The State of China
Noritake Ridgewood china, pink rose swags with a grey and tan border. Fond memories of special, home cooked birthday or holiday meals prepared by Mom. Leaves inserted to grow the table, accommodating friends we brought home. A tablecloth was spread with love; the silver chest came out. The table was set, ready with forks on the left and knives and spoons on the right. Later the dishes were hand washed and dried by me and my sisters.
We grew up, got engaged and made a wedding registry. We choose our china, a delicate blue floral on white called Caroline by Noritake. Today, multiple sets of dishes live at our house, not just china: two sets of everyday, and at one time, two sets of Christmas dishes. An observation by our daughter Haley, then nine years old, was “Did you see the pottery mom and dad bought?” Out of the mouth of babes, her comment was not lost on me. Oh, and I almost forgot about the china my husband lugged home after his mother moved to a retirement place.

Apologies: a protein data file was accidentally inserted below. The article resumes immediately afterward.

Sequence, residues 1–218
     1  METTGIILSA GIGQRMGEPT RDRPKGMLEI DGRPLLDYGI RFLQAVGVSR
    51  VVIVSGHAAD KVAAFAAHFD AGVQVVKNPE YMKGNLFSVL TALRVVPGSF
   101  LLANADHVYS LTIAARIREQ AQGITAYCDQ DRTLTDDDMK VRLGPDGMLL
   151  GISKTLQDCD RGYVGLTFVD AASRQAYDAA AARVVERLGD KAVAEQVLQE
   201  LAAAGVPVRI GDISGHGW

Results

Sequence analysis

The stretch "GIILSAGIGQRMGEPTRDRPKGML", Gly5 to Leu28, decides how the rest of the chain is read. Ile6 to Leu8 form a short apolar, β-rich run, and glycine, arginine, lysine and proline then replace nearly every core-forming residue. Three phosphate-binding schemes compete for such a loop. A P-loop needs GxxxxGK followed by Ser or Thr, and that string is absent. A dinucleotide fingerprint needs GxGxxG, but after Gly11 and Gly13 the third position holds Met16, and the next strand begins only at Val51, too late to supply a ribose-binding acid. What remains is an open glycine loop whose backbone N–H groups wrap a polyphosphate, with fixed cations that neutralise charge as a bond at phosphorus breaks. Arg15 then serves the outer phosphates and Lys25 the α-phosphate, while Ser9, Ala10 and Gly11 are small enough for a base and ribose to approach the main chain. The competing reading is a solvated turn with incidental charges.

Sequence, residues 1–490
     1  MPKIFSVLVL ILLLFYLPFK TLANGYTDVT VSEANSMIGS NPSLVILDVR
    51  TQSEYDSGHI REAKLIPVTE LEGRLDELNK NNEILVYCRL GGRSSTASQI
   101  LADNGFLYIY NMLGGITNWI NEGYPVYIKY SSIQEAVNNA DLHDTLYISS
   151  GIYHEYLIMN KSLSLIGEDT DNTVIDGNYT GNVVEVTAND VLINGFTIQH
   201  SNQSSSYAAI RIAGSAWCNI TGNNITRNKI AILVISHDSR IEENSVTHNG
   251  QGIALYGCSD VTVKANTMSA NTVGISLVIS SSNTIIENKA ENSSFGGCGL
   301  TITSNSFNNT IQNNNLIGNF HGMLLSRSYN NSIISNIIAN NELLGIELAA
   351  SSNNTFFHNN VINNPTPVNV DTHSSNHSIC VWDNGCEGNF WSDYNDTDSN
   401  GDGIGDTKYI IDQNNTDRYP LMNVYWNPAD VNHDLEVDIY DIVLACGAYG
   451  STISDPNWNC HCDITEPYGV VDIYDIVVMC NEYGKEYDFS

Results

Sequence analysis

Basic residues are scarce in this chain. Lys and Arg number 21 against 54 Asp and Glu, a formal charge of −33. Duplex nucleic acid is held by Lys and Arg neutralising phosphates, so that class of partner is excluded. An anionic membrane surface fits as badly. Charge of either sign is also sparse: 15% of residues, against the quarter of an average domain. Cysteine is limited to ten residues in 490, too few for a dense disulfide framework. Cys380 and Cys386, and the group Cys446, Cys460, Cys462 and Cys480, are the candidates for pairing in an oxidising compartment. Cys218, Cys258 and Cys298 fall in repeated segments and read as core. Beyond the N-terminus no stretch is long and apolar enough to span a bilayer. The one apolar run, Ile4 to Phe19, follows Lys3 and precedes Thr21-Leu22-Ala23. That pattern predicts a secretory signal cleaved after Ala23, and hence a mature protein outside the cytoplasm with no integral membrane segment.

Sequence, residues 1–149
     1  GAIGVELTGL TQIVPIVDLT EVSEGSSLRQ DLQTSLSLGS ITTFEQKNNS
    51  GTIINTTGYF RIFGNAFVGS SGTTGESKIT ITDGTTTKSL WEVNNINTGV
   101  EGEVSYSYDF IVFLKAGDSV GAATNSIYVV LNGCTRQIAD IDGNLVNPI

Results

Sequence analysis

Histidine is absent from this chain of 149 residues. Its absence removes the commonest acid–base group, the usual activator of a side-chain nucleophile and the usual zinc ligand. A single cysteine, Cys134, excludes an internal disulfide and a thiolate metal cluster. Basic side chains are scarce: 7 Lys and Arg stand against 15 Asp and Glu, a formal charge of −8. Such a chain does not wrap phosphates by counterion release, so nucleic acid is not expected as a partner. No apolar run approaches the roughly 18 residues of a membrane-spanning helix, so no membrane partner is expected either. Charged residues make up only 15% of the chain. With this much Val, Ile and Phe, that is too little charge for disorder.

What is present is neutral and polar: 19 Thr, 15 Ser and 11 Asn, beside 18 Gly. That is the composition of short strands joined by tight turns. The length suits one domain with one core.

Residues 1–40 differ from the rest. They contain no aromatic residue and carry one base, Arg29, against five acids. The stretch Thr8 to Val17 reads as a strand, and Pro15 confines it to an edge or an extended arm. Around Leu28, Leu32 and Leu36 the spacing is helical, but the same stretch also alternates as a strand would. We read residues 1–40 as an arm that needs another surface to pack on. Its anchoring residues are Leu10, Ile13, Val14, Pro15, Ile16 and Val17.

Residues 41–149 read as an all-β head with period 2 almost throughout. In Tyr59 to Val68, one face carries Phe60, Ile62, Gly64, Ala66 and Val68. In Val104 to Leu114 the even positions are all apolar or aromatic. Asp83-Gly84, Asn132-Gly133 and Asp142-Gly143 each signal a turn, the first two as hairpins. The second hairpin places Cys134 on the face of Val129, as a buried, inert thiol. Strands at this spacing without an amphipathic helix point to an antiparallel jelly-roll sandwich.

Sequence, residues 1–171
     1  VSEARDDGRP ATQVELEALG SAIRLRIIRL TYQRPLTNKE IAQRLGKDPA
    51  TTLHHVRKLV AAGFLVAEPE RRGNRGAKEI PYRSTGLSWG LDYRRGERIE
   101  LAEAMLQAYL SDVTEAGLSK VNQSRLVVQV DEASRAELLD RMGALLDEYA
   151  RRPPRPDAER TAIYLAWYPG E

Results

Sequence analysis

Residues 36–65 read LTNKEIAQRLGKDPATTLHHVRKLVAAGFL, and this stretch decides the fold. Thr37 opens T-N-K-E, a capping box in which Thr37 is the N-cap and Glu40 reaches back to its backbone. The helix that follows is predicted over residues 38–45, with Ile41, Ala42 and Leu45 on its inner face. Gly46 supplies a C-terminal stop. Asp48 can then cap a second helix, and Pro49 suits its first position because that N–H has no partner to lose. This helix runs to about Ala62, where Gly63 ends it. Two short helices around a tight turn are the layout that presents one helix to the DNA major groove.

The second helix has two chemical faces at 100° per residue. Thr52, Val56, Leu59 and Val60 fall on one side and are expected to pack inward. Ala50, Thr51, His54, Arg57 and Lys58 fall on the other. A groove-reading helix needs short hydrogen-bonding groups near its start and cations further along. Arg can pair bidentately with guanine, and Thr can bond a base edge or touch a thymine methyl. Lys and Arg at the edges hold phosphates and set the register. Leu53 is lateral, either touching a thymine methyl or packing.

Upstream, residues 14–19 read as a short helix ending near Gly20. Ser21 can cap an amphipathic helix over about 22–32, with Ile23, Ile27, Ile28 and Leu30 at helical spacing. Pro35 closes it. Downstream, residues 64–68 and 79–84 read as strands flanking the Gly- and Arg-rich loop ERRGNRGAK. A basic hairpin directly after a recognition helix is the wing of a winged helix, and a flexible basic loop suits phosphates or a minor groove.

Who knew he would have an appreciation for dishware, and a fascination with the holidays? Between our two collecting habits, like many of my clients, we face the state of our china.
A client is moving cross country and doesn’t want to bring her inherited fine china. The plates are offered on Replacements.com for a hefty price; however, the client would receive only a fraction of that, after packing, shipping and her split from Replacements.
Other options for disposal include:
- Post online locally – Nextdoor or Craigslist, where you won’t deal with shipping.
- Take to a consignment shop. If they take it, it will sell for next to nothing.
- Donate it to your favorite charity and claim the tax deduction.
I spoke with Jane Alexiadis, Personal Property Appraiser about the state of china. She said there isn’t a market for it. Reasons cited were storage space, less formal entertaining, and the need for dish washing by hand. On the other hand, she recommends using it anyway. “Our mothers and grandmothers would want us to enjoy it, rather than be burdened. If something breaks, the angels will comfort them.”
Noritake representative, Laura Fess, voiced a similar sensibility. Rather than save the china for guests, “We should celebrate everyday! Just use it.”
When our daughter Jacey married, she had no interest in registering for china. Times had changed. Casual dining and a simpler lifestyle was the thing. She did, however, take one set of Christmas china off our hands.